SIP Trunk Requirements NAT and Public Static IP

Discussion in '3CX Phone System - General' started by petewatterschats, Mar 2, 2016.

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  1. petewatterschats

    petewatterschats New Member

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    My impression from reading entries in this Form is that some are using Dynamic Public IP addresses which implies that they are using port Forwarding on their Router giving access to the Internet. They are also using a DDNS service like DynDNS to insure that the Public FQDN always resolves to the Public Address of the WAN port on their router

    3CX in their training materials and documentation says that you need a Static NAT and Static Public IP Address where the cost for the Internet service is significantly higher.

    This issue is for small business and Home Use where costs are a factor but what is the down side or will not having a Static IP and NAT even be possible
     
  2. leejor

    leejor Well-Known Member

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    3CX version 12.5 isn't quite as picky in the install instructions about the use of a dynamic IP. If there is enough of a push-back, then the requirement (wording) might change for version 14. I believe, at this time, it says that some features not work properly.

    may


    The use of port forwarding does not imply this. It is required in either case.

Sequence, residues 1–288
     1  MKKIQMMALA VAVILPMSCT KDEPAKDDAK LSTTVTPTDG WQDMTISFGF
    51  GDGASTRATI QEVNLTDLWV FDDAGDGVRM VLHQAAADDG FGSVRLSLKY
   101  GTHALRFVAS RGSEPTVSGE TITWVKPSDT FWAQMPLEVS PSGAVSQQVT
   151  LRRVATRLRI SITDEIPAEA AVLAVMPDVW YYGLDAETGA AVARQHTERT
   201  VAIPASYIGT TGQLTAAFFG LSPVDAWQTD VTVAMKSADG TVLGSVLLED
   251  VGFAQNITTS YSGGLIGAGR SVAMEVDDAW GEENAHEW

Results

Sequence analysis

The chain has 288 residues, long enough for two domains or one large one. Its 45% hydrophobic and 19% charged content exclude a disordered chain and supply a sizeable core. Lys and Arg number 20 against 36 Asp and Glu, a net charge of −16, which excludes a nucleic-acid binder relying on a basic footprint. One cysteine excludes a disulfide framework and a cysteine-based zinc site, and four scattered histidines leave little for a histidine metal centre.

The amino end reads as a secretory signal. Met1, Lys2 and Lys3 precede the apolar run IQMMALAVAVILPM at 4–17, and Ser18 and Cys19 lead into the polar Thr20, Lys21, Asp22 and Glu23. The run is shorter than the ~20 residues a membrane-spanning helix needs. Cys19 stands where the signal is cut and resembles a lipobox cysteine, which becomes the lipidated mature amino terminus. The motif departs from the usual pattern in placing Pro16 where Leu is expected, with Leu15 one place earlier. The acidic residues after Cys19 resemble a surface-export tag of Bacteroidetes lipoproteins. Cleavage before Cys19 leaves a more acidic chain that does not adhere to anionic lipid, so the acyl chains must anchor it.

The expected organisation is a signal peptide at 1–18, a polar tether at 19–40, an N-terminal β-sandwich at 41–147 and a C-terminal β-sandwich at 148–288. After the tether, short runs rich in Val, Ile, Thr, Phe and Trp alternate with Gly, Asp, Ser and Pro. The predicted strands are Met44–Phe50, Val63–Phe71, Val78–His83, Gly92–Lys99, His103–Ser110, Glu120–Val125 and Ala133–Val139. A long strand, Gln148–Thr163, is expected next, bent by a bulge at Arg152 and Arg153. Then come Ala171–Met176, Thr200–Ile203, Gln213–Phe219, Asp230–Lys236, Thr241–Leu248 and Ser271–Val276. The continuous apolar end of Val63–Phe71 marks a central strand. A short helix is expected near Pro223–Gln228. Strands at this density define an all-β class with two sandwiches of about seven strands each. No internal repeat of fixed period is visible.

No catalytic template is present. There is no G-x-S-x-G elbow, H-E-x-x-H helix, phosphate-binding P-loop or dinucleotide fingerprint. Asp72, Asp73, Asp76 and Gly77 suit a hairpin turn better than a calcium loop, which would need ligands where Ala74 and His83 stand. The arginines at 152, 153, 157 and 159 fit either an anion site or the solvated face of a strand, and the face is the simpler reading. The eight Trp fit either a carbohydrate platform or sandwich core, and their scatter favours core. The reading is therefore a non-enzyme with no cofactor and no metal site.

3. petewatterschats

    petewatterschats New Member

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    To me "Static NAT" means that you map a public address directly to a private address. Then in the firewall you open ports for this mapping.
     
  4. leejor

    leejor Well-Known Member

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    If you read the definition here...

    http://www.bayt.com/en/specialties/q/11 ... c-nat-pat/

    Are you planning to to map one public IP to one local IP?

    Everyone is going to have different set-ups. You can use a router, that is shared with other devices on a network, most common for a set-up where there is only one high speed connection available, and, it is shared. In this case the public IP, as a whole would not be "mapped" to only one private IP. You would use the routers port forwarding to "send" only certain ports to the device running 3CX. All other ports would only be used if other devices required them. You may choose to not use a firewall but let the router "protect" you network. You could have the 3CX server not even use a private IP, but instead a public IP, then make use of a firewall to allow only the ports required to reach the server. Many cloud deployments will be set-up this way.

    You could use a router and a firewall, there are many variables depending on the situation and security concerns.

    In answer to your original question about DDNS... check the recent post from Nick, here.

    a-couple-of-questions-about-internal-and-external-fqdn-43393-s15.html
     
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